Have you noticed how many of us love the holiday season yet at the same time, feel super stressed out? It’s a strange mix. You love the gingerbread cookies, the festive décor, and the cozy nights by the fire, but by the end of the season, you’re stressed, tired, and worn out. You start out festive and excited, hitting a wall mid-December, feeling exhausted and less than jolly. Holiday stress strikes again.
Last year, a week before our annual holiday party, I stood in my kitchen. I could feel the holiday stress creeping up. All the tell-tale signs were there. My brain felt scattered, my chest felt tight, and my to do list kept getting longer. (PS: This is one of the many benefits of practicing mindfulness. You notice subtle shifts in stress as they’re happening.) Realizing I didn’t want to be a ball of stress leading up to the party, I stopped, right then and there. I knew I had to find a way to turn things around, to reduce holiday stress. So I took a breath and asked myself the question I swear by for reducing stress and keeping my sanity.
“What can I say no to?”
In that moment, my brain was trying to convince me that everything was important. That I needed to “yes” to everything. Yes to festive décor, yes to homemade appetizers, and yes to a signature cocktail. The detail lover in me wanted a cookie decorating station, a perfectly curated playlist, and I wanted everyone to have an amazing time. My overachieving self wanted to say “yes” to it all. But I’ve been down that road before. And I know it never leads anywhere good. So we’ve got to choose. We’ve got to be intentional.
As I stood in my kitchen, I asked myself that question. “What can I say no to?” I’m not a great cook, and trying to whip up deliciously homemade anything stresses me out. So I decided to say no to home-cooked food. Not gonna happen. Thankfully, I’ve got a Costco membership and a knack for fabulous tablescapes, so I embraced pre-made appetizers and called it done. I didn’t want to be stuck playing bartender all night, so I said no to a signature cocktail. Pretty sure my friends won’t complain.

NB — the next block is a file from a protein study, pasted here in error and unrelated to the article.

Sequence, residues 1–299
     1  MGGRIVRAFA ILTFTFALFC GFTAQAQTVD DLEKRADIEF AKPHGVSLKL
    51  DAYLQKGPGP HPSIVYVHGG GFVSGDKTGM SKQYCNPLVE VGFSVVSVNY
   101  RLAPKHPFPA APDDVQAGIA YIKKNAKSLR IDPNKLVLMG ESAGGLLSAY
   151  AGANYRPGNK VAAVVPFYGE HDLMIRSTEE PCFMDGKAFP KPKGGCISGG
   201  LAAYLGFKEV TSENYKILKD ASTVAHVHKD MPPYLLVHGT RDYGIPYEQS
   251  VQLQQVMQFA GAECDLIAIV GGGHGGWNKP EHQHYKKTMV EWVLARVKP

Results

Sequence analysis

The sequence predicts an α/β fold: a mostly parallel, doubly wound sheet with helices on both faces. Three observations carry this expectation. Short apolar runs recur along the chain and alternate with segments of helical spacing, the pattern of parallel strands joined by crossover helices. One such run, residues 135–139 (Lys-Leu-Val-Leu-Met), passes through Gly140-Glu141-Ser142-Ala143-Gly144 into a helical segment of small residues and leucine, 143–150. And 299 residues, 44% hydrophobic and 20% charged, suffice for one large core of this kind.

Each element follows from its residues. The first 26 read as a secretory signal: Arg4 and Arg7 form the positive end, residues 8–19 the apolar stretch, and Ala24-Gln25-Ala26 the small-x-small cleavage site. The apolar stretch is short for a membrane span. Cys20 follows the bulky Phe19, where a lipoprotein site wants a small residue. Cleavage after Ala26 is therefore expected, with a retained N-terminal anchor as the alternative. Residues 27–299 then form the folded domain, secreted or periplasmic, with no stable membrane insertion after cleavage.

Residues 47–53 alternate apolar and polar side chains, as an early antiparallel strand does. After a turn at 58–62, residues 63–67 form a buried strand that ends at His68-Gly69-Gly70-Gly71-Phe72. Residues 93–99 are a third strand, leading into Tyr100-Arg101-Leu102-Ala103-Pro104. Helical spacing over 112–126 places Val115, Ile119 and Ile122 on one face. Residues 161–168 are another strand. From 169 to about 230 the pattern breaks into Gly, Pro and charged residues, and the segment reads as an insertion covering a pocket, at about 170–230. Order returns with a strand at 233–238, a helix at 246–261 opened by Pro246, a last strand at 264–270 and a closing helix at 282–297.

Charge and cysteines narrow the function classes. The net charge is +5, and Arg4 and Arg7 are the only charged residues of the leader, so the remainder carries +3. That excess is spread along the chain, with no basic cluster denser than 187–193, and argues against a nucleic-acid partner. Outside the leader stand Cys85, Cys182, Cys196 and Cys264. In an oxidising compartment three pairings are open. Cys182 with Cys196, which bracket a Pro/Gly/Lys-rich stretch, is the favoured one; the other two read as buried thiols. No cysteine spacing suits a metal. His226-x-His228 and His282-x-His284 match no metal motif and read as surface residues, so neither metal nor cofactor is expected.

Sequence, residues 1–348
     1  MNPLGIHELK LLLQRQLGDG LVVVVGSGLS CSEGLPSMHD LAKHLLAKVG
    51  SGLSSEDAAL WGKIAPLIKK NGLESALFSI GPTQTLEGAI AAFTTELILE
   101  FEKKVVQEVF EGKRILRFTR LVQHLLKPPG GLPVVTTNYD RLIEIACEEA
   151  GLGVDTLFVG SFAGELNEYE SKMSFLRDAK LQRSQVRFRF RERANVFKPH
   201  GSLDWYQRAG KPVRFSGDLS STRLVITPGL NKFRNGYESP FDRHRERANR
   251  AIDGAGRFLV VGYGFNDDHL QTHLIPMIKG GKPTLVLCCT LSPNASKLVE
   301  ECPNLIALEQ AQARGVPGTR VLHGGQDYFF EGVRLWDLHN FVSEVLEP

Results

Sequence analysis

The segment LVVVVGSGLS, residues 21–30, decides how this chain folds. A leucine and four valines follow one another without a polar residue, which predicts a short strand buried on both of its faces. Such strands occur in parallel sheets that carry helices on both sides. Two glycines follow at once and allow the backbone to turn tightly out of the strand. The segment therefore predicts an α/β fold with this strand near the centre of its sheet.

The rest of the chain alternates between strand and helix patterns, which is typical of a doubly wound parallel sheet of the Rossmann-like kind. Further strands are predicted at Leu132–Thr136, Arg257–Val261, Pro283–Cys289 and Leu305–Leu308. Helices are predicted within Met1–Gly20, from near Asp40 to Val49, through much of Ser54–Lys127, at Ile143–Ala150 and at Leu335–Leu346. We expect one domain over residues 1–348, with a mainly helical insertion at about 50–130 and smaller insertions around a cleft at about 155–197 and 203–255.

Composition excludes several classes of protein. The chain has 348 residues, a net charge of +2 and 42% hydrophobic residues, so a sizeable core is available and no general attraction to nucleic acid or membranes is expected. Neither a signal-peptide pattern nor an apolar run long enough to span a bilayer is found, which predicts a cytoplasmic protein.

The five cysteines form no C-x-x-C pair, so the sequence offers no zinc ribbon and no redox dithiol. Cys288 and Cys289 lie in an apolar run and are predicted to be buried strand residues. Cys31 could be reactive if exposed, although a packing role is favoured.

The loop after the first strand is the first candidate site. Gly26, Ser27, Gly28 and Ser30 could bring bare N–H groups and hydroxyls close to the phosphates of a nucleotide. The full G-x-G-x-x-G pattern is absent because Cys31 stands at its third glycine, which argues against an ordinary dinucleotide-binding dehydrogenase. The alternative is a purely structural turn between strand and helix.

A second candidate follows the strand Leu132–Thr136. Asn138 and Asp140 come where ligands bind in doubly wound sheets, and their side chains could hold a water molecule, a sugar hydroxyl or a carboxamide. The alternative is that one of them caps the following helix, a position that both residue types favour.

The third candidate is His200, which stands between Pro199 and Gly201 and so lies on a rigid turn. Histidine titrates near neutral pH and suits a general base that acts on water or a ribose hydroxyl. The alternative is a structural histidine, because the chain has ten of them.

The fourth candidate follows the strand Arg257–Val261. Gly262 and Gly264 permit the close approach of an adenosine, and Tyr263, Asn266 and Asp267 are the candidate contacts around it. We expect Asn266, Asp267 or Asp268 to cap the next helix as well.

By saying no homemade food, I said “yes” to my sanity. By saying “no” a signature spiced cocktail, I said “yes” to a fun playlist and “ye”s to being a part of the party all night. By saying “no” to a few things, I instantly lowered my stress and felt a whole lot better.
If you’re feeling the holiday stress creep up, stop. Take a breath. And ask yourself, “What can I say no to?”
Say no to the family tradition that no one enjoys anymore, but you still feel obligated to do. Say no to the perfectly posed Santa photo, and snap one with the Santa at Home Depot instead. Say no to the stress of gift giving and share an experience instead.
When you say “no” to one thing, you’re saying “yes” to something else. Something more meaningful, something that matters. Your time, attention, and energy, aren’t unlimited. You can’t do it all. And if you try, the holiday stress will take over. You’ll crash and burn. So be intentional with how you spend your energy. This question, “What can I say no to?” isn’t an excuse to avoid. (See why avoidance is such a terrible thing here.) Saying “no” isn’t an excuse to pass on something just because it’s uncomfortable. This question is about being thoughtful with your energy and protective over your resources.
So this season, when you notice the holiday stress starting to show up, stop and ask yourself, “What can I say no to?” Lean in, embrace the change, and watch your stress melt away.
PS: Having trouble being present amidst all the holiday stress? Use this mantra; it’ll help.